What to expect in the post-COVID economy

 

Parallels between now and the post-WWII era suggest what could happen next.

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The diagram above is a hypothetical illustration of the business cycle. There is not always a chronological, linear progression among the phases of the business cycle, and there have been cycles when the economy has skipped a phase or retraced an earlier one

Key takeaways

  • Most major economies are progressing toward the mid-cycle phase of expansion, with varying levels of activity based on vaccine rollout and reopening progress.

  • For the first time in decades, both fiscal and monetary policy will likely remain easy during an accelerating expansion—a significantly different backdrop from the low-growth, low-inflation period following the 2008 financial crisis.

  • The post-World War II shift to a peacetime economy, which catalyzed a cyclical rebound of nominal growth and inflation, may be the closest historical analog to the upcoming post-COVID era where vaccinations and reopening gain steam over the course of 2021 and 2022.

  • Similar to the late 1940s, nominal growth and inflation may receive a boost from households flush with pent-up demand and high savings, government policies to maintain low interest rates and high debt levels, and a repaired banking system poised to lend.

  • Rising nominal growth may remain a tailwind for cyclical assets, but the markets face several risks that could generate volatility over the next 12 to 18 months, including elevated valuations and uncertainty about inflation and the monetary outlook.

Global business cycle progressing

 

Key developed economies appear to be progressing toward the mid-cycle expansion phase as activity improves at the margin, and the rollout of COVID-19 vaccines broadens the prospects for full economic reopening. See the chart, Business cycle framework.

The global vaccination effort is resulting in the daily administration of millions of COVID-19 vaccine doses and a decline in virus cases. Though progress is likely to move in fits and starts, we expect a boost to global activity as nations increase the pace of inoculations, reduce virus-related social distancing measures, and move to reopen their economies.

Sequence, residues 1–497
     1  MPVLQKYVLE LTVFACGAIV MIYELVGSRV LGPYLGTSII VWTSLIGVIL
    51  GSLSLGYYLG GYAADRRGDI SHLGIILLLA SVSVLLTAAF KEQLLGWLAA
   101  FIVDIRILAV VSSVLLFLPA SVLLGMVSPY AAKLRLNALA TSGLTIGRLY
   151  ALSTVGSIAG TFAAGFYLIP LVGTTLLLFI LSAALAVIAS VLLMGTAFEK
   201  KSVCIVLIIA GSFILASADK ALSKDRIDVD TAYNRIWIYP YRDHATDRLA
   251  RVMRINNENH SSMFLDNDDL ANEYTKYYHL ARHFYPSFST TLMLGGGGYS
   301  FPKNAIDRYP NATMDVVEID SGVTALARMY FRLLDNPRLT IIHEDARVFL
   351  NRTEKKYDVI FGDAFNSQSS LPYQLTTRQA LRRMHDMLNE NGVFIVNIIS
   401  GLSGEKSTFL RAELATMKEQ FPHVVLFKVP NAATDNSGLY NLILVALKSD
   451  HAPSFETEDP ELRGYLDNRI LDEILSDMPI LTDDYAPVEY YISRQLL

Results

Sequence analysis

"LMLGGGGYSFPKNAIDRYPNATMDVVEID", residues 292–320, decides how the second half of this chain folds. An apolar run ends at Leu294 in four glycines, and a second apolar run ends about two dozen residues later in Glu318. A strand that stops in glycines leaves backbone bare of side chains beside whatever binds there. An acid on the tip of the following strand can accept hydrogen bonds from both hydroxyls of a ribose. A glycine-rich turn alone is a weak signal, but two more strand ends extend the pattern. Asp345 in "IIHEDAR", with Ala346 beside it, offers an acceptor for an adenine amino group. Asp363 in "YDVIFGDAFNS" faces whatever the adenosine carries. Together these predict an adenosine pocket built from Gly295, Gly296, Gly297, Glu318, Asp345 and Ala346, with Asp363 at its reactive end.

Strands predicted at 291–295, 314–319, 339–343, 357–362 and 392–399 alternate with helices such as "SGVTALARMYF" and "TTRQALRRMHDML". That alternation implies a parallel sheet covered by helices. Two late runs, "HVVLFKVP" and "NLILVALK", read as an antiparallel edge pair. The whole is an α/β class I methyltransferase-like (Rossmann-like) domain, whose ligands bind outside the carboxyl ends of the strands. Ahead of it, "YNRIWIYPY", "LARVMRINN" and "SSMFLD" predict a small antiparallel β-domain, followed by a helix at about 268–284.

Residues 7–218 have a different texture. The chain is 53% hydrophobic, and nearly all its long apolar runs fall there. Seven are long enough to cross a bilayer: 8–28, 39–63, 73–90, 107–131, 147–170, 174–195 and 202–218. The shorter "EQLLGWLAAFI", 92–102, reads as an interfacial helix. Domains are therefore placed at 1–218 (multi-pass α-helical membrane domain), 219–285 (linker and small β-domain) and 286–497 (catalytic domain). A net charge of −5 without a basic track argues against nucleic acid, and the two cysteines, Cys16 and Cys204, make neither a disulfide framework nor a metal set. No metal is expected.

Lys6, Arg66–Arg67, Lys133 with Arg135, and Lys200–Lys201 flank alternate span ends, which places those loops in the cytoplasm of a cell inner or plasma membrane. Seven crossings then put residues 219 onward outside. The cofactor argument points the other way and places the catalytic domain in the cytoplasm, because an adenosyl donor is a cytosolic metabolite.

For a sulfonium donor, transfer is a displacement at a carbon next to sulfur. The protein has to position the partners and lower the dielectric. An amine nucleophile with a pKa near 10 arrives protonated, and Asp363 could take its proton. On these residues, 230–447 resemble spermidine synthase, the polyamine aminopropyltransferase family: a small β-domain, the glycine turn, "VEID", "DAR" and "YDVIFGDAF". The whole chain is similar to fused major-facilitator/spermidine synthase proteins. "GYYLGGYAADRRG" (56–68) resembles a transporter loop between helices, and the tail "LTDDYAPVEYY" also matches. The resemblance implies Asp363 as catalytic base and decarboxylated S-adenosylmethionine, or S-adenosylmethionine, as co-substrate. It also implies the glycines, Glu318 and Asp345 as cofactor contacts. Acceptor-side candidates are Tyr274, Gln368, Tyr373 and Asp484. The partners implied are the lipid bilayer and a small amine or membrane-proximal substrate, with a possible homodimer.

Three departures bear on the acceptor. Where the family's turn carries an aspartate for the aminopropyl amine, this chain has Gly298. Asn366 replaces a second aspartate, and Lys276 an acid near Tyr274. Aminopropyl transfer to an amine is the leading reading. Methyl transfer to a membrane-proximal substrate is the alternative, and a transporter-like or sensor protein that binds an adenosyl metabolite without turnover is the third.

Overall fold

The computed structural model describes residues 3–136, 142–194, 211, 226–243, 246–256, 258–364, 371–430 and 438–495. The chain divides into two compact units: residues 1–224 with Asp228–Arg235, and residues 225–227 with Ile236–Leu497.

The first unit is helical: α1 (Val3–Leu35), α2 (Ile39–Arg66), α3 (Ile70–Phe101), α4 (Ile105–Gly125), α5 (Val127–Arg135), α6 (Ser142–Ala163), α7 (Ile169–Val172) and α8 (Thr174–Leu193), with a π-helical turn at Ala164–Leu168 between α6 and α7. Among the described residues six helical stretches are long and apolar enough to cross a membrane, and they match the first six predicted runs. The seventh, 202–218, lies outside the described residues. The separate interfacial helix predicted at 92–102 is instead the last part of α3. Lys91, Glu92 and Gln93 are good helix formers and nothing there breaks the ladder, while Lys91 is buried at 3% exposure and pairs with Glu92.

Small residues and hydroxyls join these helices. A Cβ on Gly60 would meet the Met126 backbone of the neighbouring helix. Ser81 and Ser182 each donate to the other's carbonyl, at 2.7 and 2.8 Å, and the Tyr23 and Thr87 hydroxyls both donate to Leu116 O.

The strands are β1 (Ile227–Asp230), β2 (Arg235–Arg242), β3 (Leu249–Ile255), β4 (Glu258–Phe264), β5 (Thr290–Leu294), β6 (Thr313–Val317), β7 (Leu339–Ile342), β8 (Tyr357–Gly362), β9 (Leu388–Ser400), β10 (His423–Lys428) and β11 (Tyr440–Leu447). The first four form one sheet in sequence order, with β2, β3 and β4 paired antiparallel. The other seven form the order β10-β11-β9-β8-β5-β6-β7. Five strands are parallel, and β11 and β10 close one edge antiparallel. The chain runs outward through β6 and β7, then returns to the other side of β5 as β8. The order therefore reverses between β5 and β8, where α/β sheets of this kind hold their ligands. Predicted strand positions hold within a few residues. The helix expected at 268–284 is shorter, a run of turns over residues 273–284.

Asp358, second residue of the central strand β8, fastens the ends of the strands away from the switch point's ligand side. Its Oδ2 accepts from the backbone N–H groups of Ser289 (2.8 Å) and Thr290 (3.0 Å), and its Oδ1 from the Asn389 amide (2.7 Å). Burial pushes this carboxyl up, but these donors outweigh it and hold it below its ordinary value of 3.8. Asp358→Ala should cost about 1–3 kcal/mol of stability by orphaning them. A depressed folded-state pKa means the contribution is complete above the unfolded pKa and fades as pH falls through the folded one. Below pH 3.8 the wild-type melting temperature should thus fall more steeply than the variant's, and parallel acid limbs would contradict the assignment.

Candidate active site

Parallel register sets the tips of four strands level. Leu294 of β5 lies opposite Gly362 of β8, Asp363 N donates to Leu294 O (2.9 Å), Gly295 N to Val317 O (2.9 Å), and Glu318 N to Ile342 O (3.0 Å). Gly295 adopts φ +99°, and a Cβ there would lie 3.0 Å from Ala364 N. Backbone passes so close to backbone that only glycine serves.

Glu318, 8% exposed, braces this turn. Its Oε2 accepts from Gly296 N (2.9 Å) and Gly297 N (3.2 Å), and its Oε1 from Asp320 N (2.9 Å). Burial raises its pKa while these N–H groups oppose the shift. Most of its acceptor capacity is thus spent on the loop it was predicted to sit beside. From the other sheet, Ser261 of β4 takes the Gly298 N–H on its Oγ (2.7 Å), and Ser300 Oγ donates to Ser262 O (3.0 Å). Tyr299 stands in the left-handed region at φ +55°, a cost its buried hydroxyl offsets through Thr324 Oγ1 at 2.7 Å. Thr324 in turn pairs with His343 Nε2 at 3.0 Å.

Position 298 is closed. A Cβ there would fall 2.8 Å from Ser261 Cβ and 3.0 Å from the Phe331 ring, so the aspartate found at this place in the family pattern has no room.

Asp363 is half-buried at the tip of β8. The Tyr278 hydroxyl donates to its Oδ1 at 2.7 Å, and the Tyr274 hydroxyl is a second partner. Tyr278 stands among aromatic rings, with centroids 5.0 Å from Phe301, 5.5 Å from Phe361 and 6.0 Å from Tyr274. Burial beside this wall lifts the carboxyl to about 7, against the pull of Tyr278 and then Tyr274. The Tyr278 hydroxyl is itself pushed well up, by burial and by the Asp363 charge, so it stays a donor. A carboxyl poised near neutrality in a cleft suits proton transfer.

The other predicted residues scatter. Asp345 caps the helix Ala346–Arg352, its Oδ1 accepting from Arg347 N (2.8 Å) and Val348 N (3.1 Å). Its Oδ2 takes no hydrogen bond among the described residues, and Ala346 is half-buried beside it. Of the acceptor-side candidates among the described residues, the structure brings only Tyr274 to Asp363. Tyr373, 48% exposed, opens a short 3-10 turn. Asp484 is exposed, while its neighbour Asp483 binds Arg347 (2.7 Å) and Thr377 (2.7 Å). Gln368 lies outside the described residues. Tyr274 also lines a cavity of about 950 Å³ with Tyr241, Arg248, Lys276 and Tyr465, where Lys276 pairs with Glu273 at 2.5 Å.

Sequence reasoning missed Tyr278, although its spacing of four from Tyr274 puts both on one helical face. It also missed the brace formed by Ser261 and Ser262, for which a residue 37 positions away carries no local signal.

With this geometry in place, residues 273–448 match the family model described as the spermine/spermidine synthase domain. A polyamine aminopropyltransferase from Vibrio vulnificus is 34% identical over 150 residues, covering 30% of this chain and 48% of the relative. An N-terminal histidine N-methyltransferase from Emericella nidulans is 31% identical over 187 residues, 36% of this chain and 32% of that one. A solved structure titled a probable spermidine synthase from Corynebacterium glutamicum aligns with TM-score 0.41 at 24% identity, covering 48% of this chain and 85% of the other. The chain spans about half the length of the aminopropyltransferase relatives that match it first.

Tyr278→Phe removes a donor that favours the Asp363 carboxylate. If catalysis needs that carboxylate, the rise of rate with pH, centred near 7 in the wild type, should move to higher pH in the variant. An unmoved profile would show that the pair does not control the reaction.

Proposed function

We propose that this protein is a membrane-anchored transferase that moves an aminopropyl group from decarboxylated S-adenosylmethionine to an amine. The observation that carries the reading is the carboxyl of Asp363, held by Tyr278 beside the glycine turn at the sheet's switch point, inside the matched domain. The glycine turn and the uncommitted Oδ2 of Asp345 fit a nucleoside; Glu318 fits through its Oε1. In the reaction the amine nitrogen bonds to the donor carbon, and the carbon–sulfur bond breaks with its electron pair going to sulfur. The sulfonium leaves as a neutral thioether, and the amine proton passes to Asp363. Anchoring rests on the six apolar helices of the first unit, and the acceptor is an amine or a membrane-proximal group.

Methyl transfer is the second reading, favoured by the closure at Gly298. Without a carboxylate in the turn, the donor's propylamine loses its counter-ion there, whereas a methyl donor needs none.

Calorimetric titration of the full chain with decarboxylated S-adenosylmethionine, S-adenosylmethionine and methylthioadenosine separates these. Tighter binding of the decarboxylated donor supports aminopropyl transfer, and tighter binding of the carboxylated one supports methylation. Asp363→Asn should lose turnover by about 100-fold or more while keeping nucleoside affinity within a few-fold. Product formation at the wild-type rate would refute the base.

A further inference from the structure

• We believe that Israel may be considered a bellwether for economic activity. Israel has led the vaccination campaign with more than 85% of its population having received at least one dose of a COVID-19 vaccine, compared with less than 25% in the United States.* Levels of mobility in Israel, a proxy for economic activity, have shown encouraging signs of improvement and are now higher than those in Europe. See the chart, Israel: Vaccines and mobility.

  • In Europe, the extension of strict social distancing measures may continue hindering service industry activity. However, key drivers of business-cycle momentum, such as business confidence and manufacturing, have been relatively resilient.

  • The rate of economic improvement in China may moderate as the expansion matures. Industrial production appears to be peaking, consumption and services activity continue to recover gradually, and monetary policymakers have shifted away from easing and toward addressing medium-term financial risks.

  • The US economy appears to be progressing toward the mid-cycle expansion phase, as activity continues to incrementally improve.